THE UK’S economic growth forecast for this year was slashed in half yesterday by the government’s spending watchdog, pushing up the expected deficit in coming years yet again.
The Office for Budget Responsibility said the economy will grow by just 0.6 per cent this year, not the 1.2 per cent forecast in December, and 1.8 per cent in 2014, down from previous predictions of 2.1 per cent.
Weak exports were the biggest drag on growth as key markets like the Eurozone are performing poorly, pulling down growth by 0.8 percentage points in 2012.
But government spending is still boosting GDP as most of the deficit reduction so far has been achieved through tax hikes, not spending cuts.
Borrowing fell just £0.1bn in the year, and would have gone up without a last minute cut of £5bn from departmental budgets that tipped the figures in George Osborne’s favour.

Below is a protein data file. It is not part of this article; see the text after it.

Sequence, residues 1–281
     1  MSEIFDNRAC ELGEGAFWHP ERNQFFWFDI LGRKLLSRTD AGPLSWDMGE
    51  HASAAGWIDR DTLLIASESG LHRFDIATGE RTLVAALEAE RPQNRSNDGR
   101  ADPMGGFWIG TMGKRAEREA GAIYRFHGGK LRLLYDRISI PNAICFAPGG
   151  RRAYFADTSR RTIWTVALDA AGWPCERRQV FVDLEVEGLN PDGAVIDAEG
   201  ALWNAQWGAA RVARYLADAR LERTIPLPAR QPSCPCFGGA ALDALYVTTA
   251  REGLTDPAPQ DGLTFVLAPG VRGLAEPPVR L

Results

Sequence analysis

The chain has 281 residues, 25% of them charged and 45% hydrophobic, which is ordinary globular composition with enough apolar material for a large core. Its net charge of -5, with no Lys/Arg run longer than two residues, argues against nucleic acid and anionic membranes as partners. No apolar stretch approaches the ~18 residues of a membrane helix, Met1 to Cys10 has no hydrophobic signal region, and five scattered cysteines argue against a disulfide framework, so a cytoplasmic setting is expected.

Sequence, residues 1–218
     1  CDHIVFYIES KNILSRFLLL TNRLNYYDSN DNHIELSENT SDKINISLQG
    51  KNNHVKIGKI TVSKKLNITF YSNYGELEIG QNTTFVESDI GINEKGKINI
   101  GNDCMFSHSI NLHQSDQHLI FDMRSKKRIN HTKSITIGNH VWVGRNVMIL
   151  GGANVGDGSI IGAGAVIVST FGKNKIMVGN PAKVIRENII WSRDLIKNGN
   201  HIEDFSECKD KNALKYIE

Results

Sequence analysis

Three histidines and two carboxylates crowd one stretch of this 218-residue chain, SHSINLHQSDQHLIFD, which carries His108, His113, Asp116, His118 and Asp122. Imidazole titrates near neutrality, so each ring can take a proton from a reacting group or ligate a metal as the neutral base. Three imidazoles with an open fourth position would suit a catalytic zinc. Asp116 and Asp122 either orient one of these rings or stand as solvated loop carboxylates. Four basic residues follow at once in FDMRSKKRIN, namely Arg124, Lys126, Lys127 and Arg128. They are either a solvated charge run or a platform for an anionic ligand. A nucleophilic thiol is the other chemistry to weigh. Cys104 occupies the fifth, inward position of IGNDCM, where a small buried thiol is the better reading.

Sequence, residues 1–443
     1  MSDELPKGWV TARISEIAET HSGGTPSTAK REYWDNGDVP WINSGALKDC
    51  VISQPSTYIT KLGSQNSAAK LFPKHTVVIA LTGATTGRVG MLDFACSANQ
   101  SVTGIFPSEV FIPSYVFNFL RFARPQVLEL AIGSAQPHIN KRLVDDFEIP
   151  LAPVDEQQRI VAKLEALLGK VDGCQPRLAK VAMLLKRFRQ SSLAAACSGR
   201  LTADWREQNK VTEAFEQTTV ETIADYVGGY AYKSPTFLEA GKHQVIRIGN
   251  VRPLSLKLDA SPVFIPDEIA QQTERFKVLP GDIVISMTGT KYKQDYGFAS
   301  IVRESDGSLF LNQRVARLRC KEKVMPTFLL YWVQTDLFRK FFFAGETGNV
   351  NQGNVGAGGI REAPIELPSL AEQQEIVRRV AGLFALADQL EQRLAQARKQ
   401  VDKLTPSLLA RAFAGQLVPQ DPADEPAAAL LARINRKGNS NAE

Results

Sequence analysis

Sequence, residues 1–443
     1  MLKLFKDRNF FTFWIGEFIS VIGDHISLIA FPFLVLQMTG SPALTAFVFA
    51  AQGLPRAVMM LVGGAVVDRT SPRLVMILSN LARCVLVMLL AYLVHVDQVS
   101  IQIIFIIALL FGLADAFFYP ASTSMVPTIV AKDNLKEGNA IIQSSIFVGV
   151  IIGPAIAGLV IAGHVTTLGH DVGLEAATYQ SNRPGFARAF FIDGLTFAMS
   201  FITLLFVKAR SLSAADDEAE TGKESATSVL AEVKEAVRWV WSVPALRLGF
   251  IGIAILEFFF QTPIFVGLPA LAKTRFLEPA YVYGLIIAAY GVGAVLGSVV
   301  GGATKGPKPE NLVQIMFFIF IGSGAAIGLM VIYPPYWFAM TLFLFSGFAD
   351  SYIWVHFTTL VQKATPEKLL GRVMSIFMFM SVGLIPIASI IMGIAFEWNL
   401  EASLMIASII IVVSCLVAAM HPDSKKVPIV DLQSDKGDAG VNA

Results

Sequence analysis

The deficit will come in at £120.9bn in 2012-13 and £120bn next year, meaning borrowing will barely have budged in three years despite the chancellor’s pledges to improve the public finances.
And beyond 2014 the numbers continue to run away from the chancellor.
The OBR expects total spending to rise by 0.2 per cent in real terms in 2015-16, and even after seven years of deficit reduction from 2010-11 to 2017-18, spending will have edged down by just 2.7 per cent.
High spending figures and weak tax receipts mean the debt is now expected to peak at 85.6 per cent of GDP in 2016-17, well above the previous forecasted high point of 79.9 per cent and coming a year later.
Inflation forecasts were also hiked. The OBR now predicts consumer prices to rise 2.8 per cent this year, 0.3 percentage points more than it had previously expected.